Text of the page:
acetic acid at the aggregation state, while water molecules are smaller than acetic acid and enter more easily into the membrane. The increase in the OMMT filled membrane indicated that the addition of OMMT improved the absorption capability of acetic acid molecules and decreased the absorption of water due to the hydrophobic of OMMT, and shows that OMMT could restrain membrane swelling when acetic acid content is less than 6 wt.%. 3.3. Pervaporation 3.3.1. Effect of AMEO content on separation performance Fig. 7 shows the variation of permeation flux and separation factor as a function of AMEO content with 10 wt.% acetic acid/water at 303 K. The permeation flux decreased monotonically with AMEO content and a considerable increase in separation factor was found when AMEO content reached 0.1. Furthermore, the separation performance was better than that when the AMEO content exceeded

Fig. 5. Influence of immersing time on swelling degree.

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Fig. 8. Effect of OMMT content on pervaporation performance. Fig. 6. Influence of acetic acid concentration on swelling degree.

Fig. 7. Effect of AMEO content on pervaporation performance.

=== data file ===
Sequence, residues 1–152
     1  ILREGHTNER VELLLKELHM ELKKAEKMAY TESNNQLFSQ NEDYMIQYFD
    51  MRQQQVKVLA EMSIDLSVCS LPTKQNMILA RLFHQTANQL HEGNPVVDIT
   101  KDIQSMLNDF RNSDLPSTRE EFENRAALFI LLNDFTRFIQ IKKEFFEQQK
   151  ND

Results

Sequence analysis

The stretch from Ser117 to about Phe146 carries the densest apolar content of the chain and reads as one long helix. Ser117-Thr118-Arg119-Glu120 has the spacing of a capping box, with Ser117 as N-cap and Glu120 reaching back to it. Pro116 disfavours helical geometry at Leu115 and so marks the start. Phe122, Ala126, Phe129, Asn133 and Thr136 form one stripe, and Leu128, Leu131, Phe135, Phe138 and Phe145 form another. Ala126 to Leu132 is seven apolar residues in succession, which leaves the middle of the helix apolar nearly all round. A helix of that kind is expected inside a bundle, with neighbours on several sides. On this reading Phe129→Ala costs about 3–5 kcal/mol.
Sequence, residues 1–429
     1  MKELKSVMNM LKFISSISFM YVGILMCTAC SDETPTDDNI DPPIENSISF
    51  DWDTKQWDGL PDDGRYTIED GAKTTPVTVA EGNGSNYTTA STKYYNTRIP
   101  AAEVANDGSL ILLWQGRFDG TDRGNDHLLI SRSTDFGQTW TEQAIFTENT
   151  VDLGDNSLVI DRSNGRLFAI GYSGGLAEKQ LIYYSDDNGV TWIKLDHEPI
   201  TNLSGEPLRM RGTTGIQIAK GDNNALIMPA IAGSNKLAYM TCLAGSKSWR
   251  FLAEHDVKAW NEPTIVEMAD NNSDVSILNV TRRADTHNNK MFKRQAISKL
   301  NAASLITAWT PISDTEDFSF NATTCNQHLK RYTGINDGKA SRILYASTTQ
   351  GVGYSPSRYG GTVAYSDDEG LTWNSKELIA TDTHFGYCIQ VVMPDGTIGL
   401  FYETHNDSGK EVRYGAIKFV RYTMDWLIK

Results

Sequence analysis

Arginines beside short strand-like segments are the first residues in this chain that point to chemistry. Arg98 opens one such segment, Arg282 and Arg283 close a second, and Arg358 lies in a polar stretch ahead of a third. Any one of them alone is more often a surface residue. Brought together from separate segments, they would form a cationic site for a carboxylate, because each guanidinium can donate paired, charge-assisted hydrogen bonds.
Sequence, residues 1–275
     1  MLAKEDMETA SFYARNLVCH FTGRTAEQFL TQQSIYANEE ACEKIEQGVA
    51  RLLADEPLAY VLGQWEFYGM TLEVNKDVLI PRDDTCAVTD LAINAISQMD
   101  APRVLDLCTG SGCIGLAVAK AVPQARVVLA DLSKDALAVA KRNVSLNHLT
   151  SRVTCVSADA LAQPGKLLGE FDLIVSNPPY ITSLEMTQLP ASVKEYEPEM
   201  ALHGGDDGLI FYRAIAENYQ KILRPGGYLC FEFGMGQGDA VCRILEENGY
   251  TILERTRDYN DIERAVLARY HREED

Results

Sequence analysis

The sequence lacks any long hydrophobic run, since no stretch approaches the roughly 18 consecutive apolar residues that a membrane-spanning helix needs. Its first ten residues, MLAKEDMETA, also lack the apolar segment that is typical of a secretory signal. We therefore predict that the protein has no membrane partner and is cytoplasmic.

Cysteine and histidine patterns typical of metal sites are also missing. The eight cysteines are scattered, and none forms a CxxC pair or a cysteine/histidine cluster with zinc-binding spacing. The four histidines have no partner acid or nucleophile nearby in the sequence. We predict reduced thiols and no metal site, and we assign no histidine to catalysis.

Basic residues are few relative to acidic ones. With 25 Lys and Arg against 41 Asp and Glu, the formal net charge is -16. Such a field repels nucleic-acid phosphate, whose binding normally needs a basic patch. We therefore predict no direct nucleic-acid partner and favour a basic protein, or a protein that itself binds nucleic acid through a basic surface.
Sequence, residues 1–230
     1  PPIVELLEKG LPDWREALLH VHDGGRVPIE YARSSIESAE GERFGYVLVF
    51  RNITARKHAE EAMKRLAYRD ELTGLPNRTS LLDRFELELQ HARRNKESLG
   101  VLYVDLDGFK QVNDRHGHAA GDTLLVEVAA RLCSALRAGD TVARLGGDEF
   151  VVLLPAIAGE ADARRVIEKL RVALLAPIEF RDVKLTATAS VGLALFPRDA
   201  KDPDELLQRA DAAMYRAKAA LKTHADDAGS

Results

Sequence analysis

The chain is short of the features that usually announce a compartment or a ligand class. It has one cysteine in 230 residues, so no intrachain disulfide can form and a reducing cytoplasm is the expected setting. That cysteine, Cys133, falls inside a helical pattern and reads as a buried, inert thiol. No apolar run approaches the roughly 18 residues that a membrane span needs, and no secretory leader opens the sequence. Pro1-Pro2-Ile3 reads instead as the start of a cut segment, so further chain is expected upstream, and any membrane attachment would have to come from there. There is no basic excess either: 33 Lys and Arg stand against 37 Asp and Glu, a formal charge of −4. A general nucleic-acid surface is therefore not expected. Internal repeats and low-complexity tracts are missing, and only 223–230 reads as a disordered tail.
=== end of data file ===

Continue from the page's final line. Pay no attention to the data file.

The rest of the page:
this range up to 0.2. With a comparatively low AMEO content of 0.06, the PDMS active layer was much looser than for the content of 0.1, which resulted in a higher permeation flux and a lower separation factor. When excessive AMEO was added, some of AMEO molecules did not perform their cross-linking function, but stayed in the PDMS active layer and were enriched around the interface of PDMS and PES by forming hydrogen bonds between the –NH2 groups of AMEO and the –SO2– groups of PES support [12]. This kind of enrichment blocked the separation of acetic acid, just as illustrated in Fig. 7, both the total permeation flux and the separation factor decreased. 3.3.2. Effect of OMMT content on separation performance The effect of OMMT content on the separation performance of the blended membranes is shown in Fig. 8. These experiments were carried out for a feed composition of 10 wt.% acetic acid at 313 K. As shown in Fig. 8, a maximum is reached with an increase in OMMT content. This indicates that the OMMT played at least two roles in the membrane’s separation performance. On the one hand, the OMMT was inserted by PDMS chains and the silicate layer was distributed in polymer. So, the hydrophobic passage among silicate layer provides a shortcut for acetic acid ro pass. On the other hand, the continuity of the membrane was destroyed when the OMMT content was high, producing voids without selectivity resulting in separation factor decrease and permeation flux increase.